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To: Carry_Okie

Yep, you’d THINK they’d be embarrassed at themselves.


14 posted on 07/02/2013 12:37:26 PM PDT by txhurl (RNC 'voter suppression': attempting to limit each voter to ONE vote!)
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To: Mr. K

There no evidence ANY AP reporters were spied on. I think 0bama put that story out there to make us THINK that it wasn’t JUST FOX NEWS that was being spied on. Sounds better to say they weren’t biased with their spying, doesn’t it.. But, like the IRS the DOJ was targeting conservatives ONLY, too..


15 posted on 07/02/2013 2:21:02 PM PDT by Obama_Is_Sabotaging_America (PRISON AT BENGHAZI?????)
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To: TheThirdRuffian
"All I know is Rand Paul must be squeaky clean or this machine would have targeted him for destruction."

What makes you think they don't have some goods on him? No one is perfectly clean..if they are, they will bring out false witnesses.

The deal is, they need the "right wingers" still left with some hope until "elections" so they won't riot. The "goods" on the candidates are never let out until it is time.

This is the way they have controlled the minorities and who gets elected on the Dem plantation for decades..only recently has it worked so well for the "R" wing.

16 posted on 07/02/2013 2:23:05 PM PDT by Earthdweller (Harvard won the election again...so what's the problem.......? Embrace a ruler today.)
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To: GVnana

I can’t condemn Snowden when the NSA and the Executive branch of govt is violating the Constitution.

The bigger traitor is govt.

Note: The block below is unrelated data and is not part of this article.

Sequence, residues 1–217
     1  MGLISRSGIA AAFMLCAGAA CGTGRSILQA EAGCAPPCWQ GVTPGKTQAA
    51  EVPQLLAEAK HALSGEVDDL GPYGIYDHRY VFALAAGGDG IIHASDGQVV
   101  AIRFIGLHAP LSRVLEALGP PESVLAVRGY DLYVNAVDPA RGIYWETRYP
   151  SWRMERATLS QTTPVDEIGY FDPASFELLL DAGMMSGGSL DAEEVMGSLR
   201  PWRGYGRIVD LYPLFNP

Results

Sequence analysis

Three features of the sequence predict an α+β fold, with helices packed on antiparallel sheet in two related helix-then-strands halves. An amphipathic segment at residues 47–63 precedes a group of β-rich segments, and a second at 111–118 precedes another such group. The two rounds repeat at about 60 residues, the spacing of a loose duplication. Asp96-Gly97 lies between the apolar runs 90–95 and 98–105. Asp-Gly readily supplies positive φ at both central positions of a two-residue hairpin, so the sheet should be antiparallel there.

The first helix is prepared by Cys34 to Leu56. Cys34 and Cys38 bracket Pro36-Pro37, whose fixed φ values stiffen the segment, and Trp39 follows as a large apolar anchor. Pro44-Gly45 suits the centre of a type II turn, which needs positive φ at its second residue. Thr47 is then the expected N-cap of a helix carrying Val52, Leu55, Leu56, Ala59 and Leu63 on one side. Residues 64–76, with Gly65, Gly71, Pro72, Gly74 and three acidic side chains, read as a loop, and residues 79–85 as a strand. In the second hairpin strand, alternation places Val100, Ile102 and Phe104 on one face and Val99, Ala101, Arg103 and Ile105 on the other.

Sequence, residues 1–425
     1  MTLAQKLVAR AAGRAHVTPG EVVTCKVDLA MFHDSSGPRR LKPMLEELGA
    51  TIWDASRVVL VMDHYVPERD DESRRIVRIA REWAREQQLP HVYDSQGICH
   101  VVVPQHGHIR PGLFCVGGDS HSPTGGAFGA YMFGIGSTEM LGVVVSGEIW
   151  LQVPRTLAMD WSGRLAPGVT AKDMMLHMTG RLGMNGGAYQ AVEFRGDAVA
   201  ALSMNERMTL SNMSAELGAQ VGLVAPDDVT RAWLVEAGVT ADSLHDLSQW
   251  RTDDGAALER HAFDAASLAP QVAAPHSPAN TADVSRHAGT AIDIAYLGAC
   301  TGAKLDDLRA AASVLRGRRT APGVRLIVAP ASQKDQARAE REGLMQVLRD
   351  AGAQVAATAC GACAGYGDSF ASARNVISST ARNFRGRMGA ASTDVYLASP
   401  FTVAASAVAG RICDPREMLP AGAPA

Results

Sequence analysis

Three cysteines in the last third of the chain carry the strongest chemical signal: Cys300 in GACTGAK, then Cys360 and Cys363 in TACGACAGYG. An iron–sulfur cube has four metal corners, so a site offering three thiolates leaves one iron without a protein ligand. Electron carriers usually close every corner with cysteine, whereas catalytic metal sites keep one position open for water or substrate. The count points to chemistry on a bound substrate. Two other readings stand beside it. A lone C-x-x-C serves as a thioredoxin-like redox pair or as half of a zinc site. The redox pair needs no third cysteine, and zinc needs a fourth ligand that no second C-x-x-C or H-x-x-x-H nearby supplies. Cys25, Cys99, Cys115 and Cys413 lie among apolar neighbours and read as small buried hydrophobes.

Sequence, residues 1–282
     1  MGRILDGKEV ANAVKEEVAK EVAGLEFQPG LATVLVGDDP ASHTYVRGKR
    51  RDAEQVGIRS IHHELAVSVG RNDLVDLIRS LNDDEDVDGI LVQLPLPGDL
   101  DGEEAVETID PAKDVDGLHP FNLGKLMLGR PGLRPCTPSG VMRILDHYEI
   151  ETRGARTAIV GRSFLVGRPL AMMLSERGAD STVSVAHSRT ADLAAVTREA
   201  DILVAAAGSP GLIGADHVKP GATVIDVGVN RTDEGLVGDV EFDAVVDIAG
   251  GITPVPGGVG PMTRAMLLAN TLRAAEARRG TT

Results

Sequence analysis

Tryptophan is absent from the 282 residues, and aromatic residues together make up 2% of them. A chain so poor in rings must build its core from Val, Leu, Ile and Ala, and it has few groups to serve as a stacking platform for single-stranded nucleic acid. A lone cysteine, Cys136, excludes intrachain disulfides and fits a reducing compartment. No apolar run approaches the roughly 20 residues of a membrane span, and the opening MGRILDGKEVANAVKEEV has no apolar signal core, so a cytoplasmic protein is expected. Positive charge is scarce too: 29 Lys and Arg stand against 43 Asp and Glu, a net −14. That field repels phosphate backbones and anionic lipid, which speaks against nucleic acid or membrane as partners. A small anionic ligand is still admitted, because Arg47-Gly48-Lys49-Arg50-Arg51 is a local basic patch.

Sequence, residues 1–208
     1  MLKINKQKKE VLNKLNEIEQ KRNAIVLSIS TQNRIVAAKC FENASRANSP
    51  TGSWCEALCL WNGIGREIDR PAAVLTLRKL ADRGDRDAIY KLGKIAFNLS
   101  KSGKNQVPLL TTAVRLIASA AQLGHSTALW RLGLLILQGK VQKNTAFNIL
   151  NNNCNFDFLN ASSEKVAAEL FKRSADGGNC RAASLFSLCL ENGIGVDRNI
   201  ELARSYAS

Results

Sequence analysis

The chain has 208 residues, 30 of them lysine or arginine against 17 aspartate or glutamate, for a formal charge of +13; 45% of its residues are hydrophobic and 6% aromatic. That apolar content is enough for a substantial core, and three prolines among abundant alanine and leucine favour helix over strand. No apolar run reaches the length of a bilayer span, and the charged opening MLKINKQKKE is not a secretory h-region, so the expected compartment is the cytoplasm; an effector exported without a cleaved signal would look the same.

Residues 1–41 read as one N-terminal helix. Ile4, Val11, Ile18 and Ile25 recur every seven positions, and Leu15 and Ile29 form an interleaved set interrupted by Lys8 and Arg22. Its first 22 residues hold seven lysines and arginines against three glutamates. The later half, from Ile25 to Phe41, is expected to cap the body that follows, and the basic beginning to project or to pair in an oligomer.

17 posted on 07/02/2013 2:50:18 PM PDT by RginTN
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To: RginTN
>>The bigger traitor is govt.<<

So Snowden take an oath, begins his training and thinks this is the coolest thing he’z ever done. My dad would be so proud of me. I am part of the intelligence apparatus...cool.

Then, after months on the job you see regular folks being hacked, their credit card purchases monitored, Face Book post logged into a file with their name on it, phone calls monitored.

He then begins to think...oh my gosh! Is this what my government is up to? Am I proud now to know that I'm part of violating law abiding citizens constitutional rights? Ok, the money is good, but can I look at my mom and dad, my uncles and cousins knowing that what I do is stripping them of their constitutional protections.

Am I an honorable man, lying to folks, deceiving citizens. Are my actions on the up and up or are they deceitful and damaging to the republic I love?

I dunno, a man's gotta be able to live with himself.

18 posted on 07/02/2013 3:18:24 PM PDT by servantboy777
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To: Carry_Okie; Mr. K

I agree with Carrie. I am not ok with a searchable database containing all of America’s communications across the varieties of media. I believe it will be used for political reasons since that’s what power hungry leaders do.


19 posted on 07/02/2013 4:50:57 PM PDT by xzins (Retired Army Chaplain and Proud of It! True supporters of our troops pray for their victory!)